Age-related Macular Degeneration (AMD)
Age-related macular degeneration (AMD) is a leading cause of visual impairment in patients over 60 years of age in developed countries and it is estimated that 12 to 13 million people in the USA will have the disease by 2020. There are two types of AMD. Dry AMD is when parts of the macula become thinner with age. Tiny clumps of protein, called drusen, starts to grow and show up as yellow spots on the images. You slowly lose central vision.  Most people develop some very small drusen as a normal part of aging. The presence of medium to large drusen may indicate that you have AMD.

Wet AMD is when new, abnormal blood vessels grow under the retina. These vessels may leak blood or other fluids, causing damage to the macula. Many people don’t realize they have AMD until it is too late – when their vision starts to become blurry. 
 

Vitreous traction
The gel-like material that fills the space within the eye between the lens and the retina is encapsulated in a thin shell, called the vitreous cortex. This cortex usually sticks perfectly to the retina in healthy eyes. As the eye ages, the vitreous cortex can slowly start to detach from the retina, causing blurry vision.
 

Cancer
A dark spot at the back of the eye may indicate a cancerous growth in the retina. If caught early, melanomas can be treated before they cause serious damage and travel to other areas of the body through the bloodstream.

 

What Are the Benefits of OCT?

Retinal imaging allows eye care practitioners to diagnose eye diseases that they couldn’t before. The test itself is painless and the results are easy for doctors to interpret. Images are stored and can be compared with scans you had when you were younger, giving the doctor the opportunity to check that there are no structural changes to the eye.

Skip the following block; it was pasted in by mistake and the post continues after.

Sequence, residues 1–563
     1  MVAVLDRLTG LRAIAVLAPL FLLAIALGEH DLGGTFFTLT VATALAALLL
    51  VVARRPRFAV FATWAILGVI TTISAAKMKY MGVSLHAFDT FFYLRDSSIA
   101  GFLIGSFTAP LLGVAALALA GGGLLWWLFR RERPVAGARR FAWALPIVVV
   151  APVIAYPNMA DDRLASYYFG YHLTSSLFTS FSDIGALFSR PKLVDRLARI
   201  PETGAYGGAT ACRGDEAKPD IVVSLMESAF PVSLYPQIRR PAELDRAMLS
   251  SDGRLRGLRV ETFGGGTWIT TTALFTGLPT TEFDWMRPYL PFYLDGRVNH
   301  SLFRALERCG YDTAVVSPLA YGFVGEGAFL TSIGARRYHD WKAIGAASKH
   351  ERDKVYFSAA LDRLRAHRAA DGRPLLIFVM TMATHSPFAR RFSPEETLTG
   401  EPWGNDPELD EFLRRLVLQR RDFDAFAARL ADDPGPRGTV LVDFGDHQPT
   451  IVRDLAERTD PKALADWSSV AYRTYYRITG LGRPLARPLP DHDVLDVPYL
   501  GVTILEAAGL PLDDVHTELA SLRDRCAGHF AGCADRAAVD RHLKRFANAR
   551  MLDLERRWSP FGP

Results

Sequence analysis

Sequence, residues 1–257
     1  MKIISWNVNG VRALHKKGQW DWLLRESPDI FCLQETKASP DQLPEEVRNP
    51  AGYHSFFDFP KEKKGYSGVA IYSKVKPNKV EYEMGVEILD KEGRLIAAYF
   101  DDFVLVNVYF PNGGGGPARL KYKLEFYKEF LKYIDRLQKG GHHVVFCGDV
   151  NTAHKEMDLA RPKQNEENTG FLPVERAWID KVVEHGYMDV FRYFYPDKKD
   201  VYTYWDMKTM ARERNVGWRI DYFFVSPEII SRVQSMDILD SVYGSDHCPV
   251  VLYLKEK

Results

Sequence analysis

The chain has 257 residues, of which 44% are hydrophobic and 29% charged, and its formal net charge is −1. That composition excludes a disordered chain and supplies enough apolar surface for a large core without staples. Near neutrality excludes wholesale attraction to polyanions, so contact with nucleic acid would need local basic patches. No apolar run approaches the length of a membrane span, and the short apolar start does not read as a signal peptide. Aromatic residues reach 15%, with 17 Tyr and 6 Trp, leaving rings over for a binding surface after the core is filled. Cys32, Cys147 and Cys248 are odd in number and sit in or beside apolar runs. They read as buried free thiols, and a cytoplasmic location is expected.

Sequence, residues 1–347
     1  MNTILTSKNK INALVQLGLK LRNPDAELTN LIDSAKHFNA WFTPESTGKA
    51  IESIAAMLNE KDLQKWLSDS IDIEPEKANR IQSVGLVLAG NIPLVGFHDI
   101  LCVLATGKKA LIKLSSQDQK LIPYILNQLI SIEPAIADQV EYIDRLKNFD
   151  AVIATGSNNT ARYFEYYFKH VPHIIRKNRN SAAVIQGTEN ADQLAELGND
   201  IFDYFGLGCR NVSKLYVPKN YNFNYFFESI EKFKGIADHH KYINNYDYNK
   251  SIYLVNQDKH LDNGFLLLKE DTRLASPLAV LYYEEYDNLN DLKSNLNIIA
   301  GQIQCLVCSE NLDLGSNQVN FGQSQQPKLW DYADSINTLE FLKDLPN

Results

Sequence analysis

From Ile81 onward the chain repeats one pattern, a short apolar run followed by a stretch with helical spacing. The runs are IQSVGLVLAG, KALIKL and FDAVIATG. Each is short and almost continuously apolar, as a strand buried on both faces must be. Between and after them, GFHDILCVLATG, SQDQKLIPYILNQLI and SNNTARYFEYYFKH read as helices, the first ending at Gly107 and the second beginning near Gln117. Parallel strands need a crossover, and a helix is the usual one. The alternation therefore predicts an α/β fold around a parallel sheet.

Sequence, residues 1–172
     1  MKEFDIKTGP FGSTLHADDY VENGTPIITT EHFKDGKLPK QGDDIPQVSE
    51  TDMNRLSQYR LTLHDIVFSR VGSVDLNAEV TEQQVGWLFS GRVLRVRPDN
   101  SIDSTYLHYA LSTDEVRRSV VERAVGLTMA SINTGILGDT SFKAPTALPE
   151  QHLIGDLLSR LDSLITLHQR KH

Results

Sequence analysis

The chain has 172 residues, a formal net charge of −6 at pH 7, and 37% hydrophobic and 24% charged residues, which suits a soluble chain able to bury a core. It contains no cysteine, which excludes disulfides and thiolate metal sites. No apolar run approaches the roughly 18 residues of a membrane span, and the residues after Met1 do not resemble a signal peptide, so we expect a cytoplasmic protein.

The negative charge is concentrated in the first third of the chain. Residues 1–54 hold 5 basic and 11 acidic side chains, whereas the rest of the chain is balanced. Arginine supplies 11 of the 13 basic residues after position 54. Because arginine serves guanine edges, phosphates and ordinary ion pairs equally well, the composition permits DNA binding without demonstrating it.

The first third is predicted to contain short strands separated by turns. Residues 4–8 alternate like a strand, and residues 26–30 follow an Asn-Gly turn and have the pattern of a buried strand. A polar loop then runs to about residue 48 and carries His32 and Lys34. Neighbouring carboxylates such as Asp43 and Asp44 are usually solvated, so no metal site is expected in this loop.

OCT is not just the optical health diagnostic tool of choice; it can also help to detect other diseases at an early stage. The Centre for Disease Control and Prevention released some alarming figures in 2013. According to them, 360,000 people died that year of heart attacks - that is almost 1,000 people per day. Hypertension is the main culprit since 7 out of 10 of these deaths reported were of people who had high blood pressure. Furthermore, according to a large study involving 154,000 adults across 17 countries in 2013, as many as 50% of people suffering from high blood pressure (hypertension) don’t even know it.

Here’s the point: signs of high blood pressure are often detected first in the eye. The old adage that the eyes are the windows to the soul is not true anymore. Eyes are, in many cases, windows to your health too. Make sure you visit your eye-care practitioner regularly. Prevention really is better than cure and OCT scanning is the one tool that provides the best diagnoses by far.